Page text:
No windfall from IR reforms
A leading industrial relations (IR) lawyer has flagged the federal government’s Fair Work reforms and the Royal Commission into unions as lucrative but limited sources of legal work.
Alice DeBoos (pictured), a partner at K&L Gates, told Lawyers Weekly that 2014 would be a positive year for IR practices. She admitted, however, that many firms would enjoy a modest, rather than dramatic, uptick in legal work.
The federal government’s wide-ranging Royal Commission into union governance, for example, will involve a select group of employers and, therefore, is relevant to only a handful of firms.
“There is certainly work for firms like ours, but in general the bulk of legal work will be the union’s legal work,” said DeBoos.
Planned changes to Fair Work laws is another high-profile issue that will direct some work to law firms, but the main recipients will be practices involved in the construction industry, she added.
DeBoos singled out recently-introduced bullying laws as triggering employee claims across industry sectors, particularly in the second half of 2014. The laws allow a worker who “reasonably believes” they have been bullied in the workplace to apply to the Fair Work Commission and seek orders against the perpetrator and their employer.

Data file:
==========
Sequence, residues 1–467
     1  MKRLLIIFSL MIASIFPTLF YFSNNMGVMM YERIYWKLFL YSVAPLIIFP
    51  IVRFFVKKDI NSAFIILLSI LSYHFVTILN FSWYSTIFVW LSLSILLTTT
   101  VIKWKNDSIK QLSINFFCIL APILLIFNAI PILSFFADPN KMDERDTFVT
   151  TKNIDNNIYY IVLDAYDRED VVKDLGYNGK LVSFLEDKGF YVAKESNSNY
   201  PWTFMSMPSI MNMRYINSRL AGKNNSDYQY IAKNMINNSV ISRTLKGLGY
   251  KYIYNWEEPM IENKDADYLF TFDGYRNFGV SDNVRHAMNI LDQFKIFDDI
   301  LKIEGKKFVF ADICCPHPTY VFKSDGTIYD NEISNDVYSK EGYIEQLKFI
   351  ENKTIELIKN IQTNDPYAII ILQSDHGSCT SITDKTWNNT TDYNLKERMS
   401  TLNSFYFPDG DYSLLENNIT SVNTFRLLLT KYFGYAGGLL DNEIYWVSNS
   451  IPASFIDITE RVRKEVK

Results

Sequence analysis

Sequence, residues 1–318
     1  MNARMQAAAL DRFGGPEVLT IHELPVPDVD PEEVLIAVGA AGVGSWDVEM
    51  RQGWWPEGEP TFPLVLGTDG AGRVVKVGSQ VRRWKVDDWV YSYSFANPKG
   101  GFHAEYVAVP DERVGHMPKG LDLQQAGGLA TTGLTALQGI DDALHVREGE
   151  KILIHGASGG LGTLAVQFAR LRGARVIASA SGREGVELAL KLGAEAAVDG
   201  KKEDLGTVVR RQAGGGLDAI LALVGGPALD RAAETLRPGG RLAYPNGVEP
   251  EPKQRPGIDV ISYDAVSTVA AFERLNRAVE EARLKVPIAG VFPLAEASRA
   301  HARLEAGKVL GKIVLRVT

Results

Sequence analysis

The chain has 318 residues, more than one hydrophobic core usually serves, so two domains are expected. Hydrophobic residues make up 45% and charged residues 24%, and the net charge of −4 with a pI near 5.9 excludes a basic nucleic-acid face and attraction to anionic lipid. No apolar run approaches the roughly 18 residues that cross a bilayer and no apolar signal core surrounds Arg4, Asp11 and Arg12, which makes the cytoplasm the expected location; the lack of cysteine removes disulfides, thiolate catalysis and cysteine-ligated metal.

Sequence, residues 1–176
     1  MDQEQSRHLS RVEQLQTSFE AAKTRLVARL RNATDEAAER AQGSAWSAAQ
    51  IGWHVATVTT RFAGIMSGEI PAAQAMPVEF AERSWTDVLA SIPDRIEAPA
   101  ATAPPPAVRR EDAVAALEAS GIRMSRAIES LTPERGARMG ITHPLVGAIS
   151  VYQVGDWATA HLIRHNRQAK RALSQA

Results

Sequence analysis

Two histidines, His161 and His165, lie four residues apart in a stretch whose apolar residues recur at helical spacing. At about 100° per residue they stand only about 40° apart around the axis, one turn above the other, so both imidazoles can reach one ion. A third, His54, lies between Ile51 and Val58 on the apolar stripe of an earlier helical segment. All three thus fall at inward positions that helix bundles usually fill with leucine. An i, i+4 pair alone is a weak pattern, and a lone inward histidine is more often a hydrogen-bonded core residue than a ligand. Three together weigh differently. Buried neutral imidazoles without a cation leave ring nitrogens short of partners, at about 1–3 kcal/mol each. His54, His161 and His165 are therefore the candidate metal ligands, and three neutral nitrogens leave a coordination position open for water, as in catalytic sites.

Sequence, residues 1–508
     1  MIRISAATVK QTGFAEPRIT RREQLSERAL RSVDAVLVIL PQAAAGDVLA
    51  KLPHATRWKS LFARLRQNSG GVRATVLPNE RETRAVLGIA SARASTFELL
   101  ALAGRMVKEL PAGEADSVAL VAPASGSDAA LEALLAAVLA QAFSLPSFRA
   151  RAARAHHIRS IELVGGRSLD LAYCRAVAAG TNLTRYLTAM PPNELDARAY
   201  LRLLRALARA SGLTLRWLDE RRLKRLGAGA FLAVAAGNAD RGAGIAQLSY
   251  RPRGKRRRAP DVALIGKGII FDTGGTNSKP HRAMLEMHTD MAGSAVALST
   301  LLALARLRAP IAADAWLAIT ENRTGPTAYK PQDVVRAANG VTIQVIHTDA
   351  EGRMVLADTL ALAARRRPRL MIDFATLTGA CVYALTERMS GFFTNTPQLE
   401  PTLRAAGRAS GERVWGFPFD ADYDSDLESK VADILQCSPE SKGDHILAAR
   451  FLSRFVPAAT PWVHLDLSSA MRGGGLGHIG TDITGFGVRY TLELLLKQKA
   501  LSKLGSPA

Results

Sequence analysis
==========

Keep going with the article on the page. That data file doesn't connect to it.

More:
The first bullying decision to be released from the Fair Work Commission was issued this month (12 February).
A recent salary survey by recruiter Robert Walters has also predicted that IR will be a growth area in 2014 thanks to the federal government’s Fair Work reforms.
The survey also found that an increase in M&A activity would have a knock-on effect for lawyers with skills in corporate restructuring and infrastructure.
DeBoos said that IR practices would also derive work from the pickup in M&A and other commercial transactions.
“While other [practices] pick up, we benefit from the flow-on effects of that increase in work.”
Most IR practices, however, will be sustained in 2014 by a steady flow of individual employee claims, including unfair dismissals, adverse actions and sexual discrimination suits, all of which “showing no signs of slowing down”, according to DeBoos.
She added that firms are likely to add lawyers to their IR practice this year, including K&L Gates’ workplace relations group, which is planning to hire mid-level to senior lawyers across its national offices in 2014.